This license to “make it up” also cleverly explains the intricacy and detail of the description and dialogue that follows, which is a first-person account of the first week of January 1942, when the seventeen-year-old Lev Beniov is sent on a fool’s errand by an NKVD colonel. His companion in this adventure is his polar opposite, his foil, and later, his friend. The picaresque, popular two hundred years ago, is an underused form these days, and perfect for the whirlwind of horror that was the Second World War, in which nothing but luck ensured survival. The way Lev and his companion Kolya bounce from one harrowing situation to another – an encounter with cannibals, a partisan-Nazi shootout, a stint on a death march of Soviet POWs, among others – approximates the chaos and uncertainty of war, but also of the authoritarian regimes that were its principal antagonists. The absurd re-ordering of life occasioned by both the war and the Soviet or Nazi systems is embodied in the whimsy of the picaresque here, and the premise – that the two main characters can evade execution only through accomplishing an impossible task that will probably kill them – perfectly encapsulates the unanswerable questions, unresolvable dilemmas, and inconceivable choices so crucial to understanding the moral insensibility of the Holocaust.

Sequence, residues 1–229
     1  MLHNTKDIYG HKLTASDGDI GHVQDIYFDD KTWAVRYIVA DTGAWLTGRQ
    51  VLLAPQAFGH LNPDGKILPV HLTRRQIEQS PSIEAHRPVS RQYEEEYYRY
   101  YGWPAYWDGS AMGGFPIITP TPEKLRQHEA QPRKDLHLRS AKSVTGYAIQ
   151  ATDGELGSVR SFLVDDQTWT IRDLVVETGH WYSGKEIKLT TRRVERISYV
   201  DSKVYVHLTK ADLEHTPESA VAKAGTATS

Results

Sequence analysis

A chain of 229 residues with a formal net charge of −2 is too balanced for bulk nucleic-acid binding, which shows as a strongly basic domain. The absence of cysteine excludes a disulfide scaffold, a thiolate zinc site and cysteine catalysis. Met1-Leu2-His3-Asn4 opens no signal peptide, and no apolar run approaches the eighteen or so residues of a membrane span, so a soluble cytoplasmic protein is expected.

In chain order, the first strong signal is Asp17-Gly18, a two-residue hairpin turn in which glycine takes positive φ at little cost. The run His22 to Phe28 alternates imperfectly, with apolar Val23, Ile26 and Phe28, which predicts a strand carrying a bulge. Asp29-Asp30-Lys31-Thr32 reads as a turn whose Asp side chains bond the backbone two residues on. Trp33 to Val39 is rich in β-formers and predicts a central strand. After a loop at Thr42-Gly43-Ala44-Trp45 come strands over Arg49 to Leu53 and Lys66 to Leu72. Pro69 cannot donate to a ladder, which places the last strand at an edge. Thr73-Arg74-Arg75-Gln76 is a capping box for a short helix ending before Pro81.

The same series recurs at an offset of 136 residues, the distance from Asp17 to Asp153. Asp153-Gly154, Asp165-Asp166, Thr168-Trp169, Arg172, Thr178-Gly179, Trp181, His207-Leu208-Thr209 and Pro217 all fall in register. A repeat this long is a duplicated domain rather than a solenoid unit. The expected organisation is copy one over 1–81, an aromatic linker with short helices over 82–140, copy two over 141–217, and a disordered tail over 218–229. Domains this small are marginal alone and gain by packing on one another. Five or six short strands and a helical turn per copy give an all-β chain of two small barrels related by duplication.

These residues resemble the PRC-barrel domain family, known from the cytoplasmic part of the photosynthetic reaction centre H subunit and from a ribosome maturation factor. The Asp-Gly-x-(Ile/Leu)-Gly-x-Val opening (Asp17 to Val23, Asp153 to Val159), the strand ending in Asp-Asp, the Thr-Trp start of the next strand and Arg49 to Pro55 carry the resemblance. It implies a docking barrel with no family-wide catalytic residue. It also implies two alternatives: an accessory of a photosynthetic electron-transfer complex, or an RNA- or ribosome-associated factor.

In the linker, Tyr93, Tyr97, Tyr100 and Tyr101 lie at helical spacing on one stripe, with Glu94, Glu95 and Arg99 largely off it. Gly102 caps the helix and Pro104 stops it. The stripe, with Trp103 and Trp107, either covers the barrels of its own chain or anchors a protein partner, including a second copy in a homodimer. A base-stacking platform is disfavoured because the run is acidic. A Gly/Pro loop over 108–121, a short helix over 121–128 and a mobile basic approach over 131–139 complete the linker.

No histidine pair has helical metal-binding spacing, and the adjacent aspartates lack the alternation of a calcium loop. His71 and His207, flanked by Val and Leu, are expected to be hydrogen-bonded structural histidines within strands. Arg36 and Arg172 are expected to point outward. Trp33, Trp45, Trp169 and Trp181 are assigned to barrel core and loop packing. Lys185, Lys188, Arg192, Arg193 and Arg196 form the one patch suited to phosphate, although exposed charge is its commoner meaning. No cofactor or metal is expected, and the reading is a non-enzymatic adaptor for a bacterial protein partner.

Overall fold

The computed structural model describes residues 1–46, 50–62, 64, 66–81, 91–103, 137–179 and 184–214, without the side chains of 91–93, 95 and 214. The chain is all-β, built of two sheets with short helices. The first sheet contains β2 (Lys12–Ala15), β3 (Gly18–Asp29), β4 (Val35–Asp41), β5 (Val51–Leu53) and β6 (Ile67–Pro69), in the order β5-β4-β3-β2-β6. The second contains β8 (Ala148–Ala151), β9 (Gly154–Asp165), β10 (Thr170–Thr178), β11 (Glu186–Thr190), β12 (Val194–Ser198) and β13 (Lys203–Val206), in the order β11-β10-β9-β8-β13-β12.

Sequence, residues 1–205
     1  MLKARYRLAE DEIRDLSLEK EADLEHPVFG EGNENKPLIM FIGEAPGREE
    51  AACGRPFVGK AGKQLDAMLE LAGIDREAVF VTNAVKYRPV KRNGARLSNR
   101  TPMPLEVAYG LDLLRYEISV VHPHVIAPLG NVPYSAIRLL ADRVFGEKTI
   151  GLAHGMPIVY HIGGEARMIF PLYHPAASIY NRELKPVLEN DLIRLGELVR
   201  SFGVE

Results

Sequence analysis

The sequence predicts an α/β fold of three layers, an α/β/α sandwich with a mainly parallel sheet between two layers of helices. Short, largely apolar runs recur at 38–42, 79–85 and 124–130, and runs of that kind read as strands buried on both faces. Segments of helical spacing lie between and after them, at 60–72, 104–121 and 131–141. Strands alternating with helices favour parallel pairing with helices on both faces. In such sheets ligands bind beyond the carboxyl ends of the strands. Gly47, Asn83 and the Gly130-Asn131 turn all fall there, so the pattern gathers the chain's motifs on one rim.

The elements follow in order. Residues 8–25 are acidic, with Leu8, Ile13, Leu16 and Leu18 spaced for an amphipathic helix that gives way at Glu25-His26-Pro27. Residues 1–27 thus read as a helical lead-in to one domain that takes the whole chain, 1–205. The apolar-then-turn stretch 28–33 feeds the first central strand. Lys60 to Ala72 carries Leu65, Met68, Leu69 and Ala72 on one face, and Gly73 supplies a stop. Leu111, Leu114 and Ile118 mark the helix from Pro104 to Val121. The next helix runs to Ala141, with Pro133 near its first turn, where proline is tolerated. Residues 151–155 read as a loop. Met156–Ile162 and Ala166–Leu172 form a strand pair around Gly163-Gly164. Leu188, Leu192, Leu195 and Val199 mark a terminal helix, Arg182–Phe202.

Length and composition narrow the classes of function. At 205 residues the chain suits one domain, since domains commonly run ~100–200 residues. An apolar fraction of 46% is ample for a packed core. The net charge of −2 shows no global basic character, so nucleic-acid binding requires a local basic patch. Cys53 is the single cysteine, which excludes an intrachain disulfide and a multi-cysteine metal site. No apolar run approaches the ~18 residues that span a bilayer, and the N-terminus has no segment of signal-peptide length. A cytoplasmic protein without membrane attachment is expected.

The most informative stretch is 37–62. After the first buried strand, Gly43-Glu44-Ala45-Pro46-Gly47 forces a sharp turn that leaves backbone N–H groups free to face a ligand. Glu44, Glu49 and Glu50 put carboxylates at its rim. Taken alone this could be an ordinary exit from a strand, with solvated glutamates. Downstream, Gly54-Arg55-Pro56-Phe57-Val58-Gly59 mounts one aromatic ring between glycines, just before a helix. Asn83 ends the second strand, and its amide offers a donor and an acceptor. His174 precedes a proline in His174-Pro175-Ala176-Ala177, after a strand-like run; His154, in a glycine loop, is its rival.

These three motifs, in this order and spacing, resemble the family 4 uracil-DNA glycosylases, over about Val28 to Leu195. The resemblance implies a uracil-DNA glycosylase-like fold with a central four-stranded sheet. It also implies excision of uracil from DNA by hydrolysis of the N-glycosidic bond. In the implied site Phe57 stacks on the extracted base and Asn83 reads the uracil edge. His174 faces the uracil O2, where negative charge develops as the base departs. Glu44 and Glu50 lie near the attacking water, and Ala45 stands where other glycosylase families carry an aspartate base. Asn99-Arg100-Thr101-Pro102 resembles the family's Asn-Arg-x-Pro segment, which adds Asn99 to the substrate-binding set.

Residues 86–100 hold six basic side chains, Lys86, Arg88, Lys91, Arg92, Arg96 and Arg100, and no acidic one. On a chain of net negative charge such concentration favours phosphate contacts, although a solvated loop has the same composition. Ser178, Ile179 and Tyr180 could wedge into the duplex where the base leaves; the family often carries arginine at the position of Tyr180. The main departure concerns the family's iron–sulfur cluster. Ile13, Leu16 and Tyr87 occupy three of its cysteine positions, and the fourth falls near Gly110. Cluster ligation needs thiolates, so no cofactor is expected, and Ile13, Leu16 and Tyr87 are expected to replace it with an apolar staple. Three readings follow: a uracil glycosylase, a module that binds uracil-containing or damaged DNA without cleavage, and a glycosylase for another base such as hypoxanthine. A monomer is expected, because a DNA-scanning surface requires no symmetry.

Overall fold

Though the novel finds its focus in the developing friendship between Lev and Kolya, it does not shy away from the terror of the siege, millions of people trapped in a freezing city with few means of survival, or the atrocity of the war, with particular attention (justified, I think) to Nazi violence. Lev characterizes the kind of mindtrick Leningrad residents engaged in to survive: “You couldn’t let too much truth seep into your conversation, you couldn’t admit with your mouth what your eyes had seen.” But the book itself freely admits what it sees, and does not gloss either grim realities or extreme violence, describing it carefully and fully. One scene that becomes central to the plot is enough to induce nausea and nightmares, yet it is crucial both to the story and the setting. The novel is very conscious of the potentially troubling relationship between beauty and horror, pleasure and violence. Looking at a burning village, Lev thinks, “At a distance it seemed beautiful, and I thought it was strange that powerful violence is often so pleasing to the eye, like tracer bullets at night.” While the book rightly forces us to imagine the incomprehensible, it is also aware of the moral pitfalls of that very task.
In the end, despite what might have been too pat an ending that I nonetheless loved, I realized that the first chapter had yet another narrative purpose beyond foreshadowing and an internal justification of the genre. Though the frame story does not return, we realize that our introduction to the grandson, David, was essential to the completion of the story: he is the end of the real story, the witness and the legacy of his grandparents’ survival. He needn’t “make it up,” because he is it.